According to the American Nurses Association, there will be significantly more registered nursing positions available by 2022 than any other profession—more than 100,000 per year. This isn’t even factoring in the more than 500,000 RNs that are planning on retiring. The U.S. Bureau of Labor Statistics projects the need for 1.1 million new RNs in 2022 to avoid a nursing shortage.
There are four driving factors impacting these numbers:
1. Nurses are retiring earlier
The ANA estimates that 1 million nurses will retire between now and 2030. Not only is the profession expected to lose a large number of nurses, but when experienced nurses leave, healthcare organizations are left to mitigate the threat of lost knowledge. Nurses will leave with the critical nursing experience and knowledge they have accumulated
2. The Aging Population is increasing
The U.S. has the largest number of Americans over the age of 65. As the population ages, the number of health conditions, chronic illnesses, and co-morbidities requiring healthcare services grow. These increasing healthcare needs require healthcare organizations to increase nursing staff to provide quality care safely.
3. Shortage of nurse educators
According to AACN, U.S. nursing schools turned away more than 80,000 qualified nursing applicants in 2019 due to insufficient number of faculty, clinical sites, classroom space, and clinical preceptors, as well as budget constraints.
4. Nurse burnout
Nurses are overworked and mentally and physically exhausted, especially after the COVID-19 pandemic.
Although hospital administrators are facing a huge dilemma in the coming years, there are technologies available now that can augment their current and future nursing workforce to keep patients healthy and safe.
Artificial Intelligence Assists Nurse
VSTOne has enabled a proactive model for care delivery in the hospital. VSTOne is a continuous remote monitoring and telehealth device using artificial intelligence (AI) and machine learning (ML) to aid providers in acute settings to more effectively care for more patients with fewer resources. The platform uses an array of machine vision and IoT sensors to monitor patient vitals (movement, heart rate, respiratory rate, blood pressure, O2, etc.); artificial intelligence to recognize anomalies; and mobile applications to alert healthcare workers before a patient’s condition declines.
VSTOne receives a constant stream of health data from chronically and critically ill patients and leverages AI to interpret it, resulting in actionable alerts and decision support. Instead of waiting for a patient to report their symptoms, VSTOne recognizes early warning signs before the symptoms themselves manifest. Early warning enables early intervention, which means that patients will be able to avoid many serious health issues all together.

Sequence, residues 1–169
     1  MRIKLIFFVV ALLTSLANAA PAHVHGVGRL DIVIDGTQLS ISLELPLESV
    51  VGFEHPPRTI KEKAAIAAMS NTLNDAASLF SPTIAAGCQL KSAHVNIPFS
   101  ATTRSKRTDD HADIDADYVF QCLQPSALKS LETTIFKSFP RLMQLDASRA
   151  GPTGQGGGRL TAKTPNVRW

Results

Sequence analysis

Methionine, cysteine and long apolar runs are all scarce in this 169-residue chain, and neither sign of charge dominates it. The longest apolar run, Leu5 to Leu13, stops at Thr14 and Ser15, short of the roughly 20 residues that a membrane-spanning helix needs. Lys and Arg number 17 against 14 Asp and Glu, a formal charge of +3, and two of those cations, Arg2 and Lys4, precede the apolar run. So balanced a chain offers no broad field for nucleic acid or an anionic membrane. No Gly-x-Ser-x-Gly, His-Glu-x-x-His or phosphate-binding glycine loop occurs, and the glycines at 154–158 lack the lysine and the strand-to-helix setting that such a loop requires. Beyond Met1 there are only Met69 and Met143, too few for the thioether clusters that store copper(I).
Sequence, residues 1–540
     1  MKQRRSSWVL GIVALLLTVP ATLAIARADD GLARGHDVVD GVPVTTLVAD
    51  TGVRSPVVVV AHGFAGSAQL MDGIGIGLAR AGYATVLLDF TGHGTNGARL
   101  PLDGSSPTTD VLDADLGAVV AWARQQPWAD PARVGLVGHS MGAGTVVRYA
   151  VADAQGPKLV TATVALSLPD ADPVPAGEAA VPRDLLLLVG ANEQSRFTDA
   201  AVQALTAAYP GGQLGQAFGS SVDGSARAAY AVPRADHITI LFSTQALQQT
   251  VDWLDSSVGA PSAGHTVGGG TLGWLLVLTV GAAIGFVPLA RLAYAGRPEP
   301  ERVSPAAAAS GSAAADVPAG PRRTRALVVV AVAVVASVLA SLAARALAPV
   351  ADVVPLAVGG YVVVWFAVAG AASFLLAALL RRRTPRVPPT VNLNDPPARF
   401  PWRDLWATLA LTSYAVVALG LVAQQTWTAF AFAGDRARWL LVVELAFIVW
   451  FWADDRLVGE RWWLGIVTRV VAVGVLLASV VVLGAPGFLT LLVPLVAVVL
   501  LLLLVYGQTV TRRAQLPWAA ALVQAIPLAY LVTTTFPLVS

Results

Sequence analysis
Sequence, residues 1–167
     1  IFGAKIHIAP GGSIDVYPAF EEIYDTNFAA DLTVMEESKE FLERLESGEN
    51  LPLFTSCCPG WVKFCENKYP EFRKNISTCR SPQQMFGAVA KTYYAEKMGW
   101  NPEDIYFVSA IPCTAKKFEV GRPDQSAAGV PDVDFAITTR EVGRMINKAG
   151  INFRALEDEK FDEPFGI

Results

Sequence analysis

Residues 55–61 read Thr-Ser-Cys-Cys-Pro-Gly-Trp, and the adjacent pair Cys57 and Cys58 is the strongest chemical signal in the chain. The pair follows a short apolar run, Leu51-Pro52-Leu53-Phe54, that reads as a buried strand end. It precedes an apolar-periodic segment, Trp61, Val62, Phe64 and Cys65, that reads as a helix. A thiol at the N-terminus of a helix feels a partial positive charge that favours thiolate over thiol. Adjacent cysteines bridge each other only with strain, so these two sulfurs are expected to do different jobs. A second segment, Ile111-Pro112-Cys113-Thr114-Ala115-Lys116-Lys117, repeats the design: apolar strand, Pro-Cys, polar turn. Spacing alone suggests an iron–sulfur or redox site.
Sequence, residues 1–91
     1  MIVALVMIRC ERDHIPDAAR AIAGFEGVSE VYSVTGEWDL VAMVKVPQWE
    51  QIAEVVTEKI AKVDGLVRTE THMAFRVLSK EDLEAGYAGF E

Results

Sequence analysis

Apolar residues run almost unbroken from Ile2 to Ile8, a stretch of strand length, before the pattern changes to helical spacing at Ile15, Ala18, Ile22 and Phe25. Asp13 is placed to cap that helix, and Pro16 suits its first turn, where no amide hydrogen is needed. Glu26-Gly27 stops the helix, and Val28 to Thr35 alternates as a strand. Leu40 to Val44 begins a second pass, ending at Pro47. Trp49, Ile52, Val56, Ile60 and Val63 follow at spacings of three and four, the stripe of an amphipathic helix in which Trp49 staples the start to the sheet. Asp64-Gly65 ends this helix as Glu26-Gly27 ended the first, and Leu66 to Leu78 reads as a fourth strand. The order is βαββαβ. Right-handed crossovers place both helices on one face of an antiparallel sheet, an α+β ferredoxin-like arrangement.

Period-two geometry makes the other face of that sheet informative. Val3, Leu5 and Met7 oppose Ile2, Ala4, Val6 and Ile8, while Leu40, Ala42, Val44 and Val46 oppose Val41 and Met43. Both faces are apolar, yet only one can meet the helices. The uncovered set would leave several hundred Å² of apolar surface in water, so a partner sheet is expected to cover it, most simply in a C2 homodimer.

Less Rounding & Fewer False Alarms
Because of VSTOne’s telehealth capabilities and vital sign data acquisition, more patients can be managed with fewer resources, thus reducing the workload for nurses. Traditionally, a nurse or tech will check patient vitals every few hours to monitor their condition. With VSTOne, a patient’s vitals are continuously monitored and are available as data points in time or as trends to the nurse’s phone as well as to a central monitoring station. Rather than 3-4 snapshots of the patient’s condition, VSTOne creates a movie of real time trending information. When relevant changes occur alerts are sent immediately so that interventions can begin as quickly as possible. Because of the use of the AI and ML, the specificity is remarkable with little to no false alerts.
The VSTOne Console allows you to manage your entire floor from a single screen. You can assign rooms to nurses and staff, track shifts, onboard patients, and view the status of each room in real-time. VSTOne automates routine vitals checks, non-emergency in-room visits, and gives patients the means to talk with family, specialists, or their doctor remotely.
A New Way Forward
We developed VSTOne to be the first step toward a better, more connected healthcare system. Many different organizations are addressing isolated parts of the issue, but these solutions are still triggered by patients’ self reporting symptoms consistent with the traditional reactive healthcare delivery model. What VirtuSense has done with VSTOne is create a comprehensive ecosystem that addresses multiple angles of the care delivery problem with greater sensitivity and specificity.
For more information on VSTOne, please click here.
This article originally published here.